‘Once Upon a River’ by Diane Setterfield – a review

★★★★★  A lyrical fairy tale for grown-ups.

Author Diane Setterfield.

Set along the upper reaches of the river Thames in the late 1800s’, this novel follows the unraveling of a mystery that begins on midwinters night at the Swan Inn at Radcot. A stranger stumbles through the door, drenched and badly wounded, carrying a seemingly dead child in his arms.

The mystery deepens when the child, a girl, comes back to life. Here the narrative diverges and begins to follow the stories of three claimants to the child. The Vaughans, whose daughter Amelia had been kidnapped two years before; the Armstrongs, who believe that she could be their grandchild; and Lily White who is certain that the child is her sister Ann.

Rivers are often used as metaphors for stories and storytelling. This tale meanders, rushes, swells and flows by turns, carrying the reader with it. Setterfield dives into this trope, wallowing in evocative imagery, allowing the language of water to insinuate itself even into the minds of the locals at the Swan, ‘their thoughts eddied around, discovered currents within currents, met countercurrents.’ Much like the heath in ‘The Return of the Native’ by Thomas Hardy, here the Thames is omnipotent, a central silent character, affecting the lives of everyone it touches.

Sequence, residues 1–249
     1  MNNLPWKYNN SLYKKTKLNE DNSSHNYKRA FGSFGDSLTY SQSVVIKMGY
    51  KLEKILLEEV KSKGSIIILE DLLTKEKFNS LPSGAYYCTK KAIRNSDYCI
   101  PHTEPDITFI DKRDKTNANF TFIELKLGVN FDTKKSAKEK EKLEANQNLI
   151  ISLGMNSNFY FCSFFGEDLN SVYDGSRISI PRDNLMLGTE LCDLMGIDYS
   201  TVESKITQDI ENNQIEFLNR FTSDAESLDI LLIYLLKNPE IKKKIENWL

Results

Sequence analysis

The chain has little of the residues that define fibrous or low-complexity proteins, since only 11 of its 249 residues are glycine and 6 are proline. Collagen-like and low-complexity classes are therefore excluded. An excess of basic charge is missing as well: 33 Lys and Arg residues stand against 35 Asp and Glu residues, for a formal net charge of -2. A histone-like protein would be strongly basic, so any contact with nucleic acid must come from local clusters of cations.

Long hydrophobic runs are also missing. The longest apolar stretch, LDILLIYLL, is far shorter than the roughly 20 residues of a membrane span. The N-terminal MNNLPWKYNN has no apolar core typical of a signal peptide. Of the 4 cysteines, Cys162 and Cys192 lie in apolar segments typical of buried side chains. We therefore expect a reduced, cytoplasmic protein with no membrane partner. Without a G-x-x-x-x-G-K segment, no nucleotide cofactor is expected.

Setterfield draws a cast of subtle and sympathetic characters. Helena and Anthony Vaughan, the grief-stricken couple whose child has been stolen away; Rita Sunday, the local nurse who knows too much of birth and death to risk motherhood herself; Joe Bliss—father of 13—the gentle, sickly storyteller at the Swan and Henry Daunt, the injured stranger who topples into the inn as the yarn begins. They are so real and their histories so vivid that you cannot help but care about them.

The classic fairytale beginning, ‘There was once an inn’ invites us in. This opening promises magic and mystery, heroes and villains, good and evil and a happy ending—and it delivers. I would like to hear this novel read aloud. It conjures memories of childhood, the brothers Grimm, of sitting around the fire and being read to. It is cosy and comforting and utterly enjoyable.

My one concern on behalf of other readers is the neatness of that ending. I didn’t find it bothersome, there is enough sadness and misadventure along the way to balance it, but some might find the tying up of loose ends too tidy.

This novel has a lot to offer, a rich fabric woven of strong characters, good dialogue, plot twists and puzzles.

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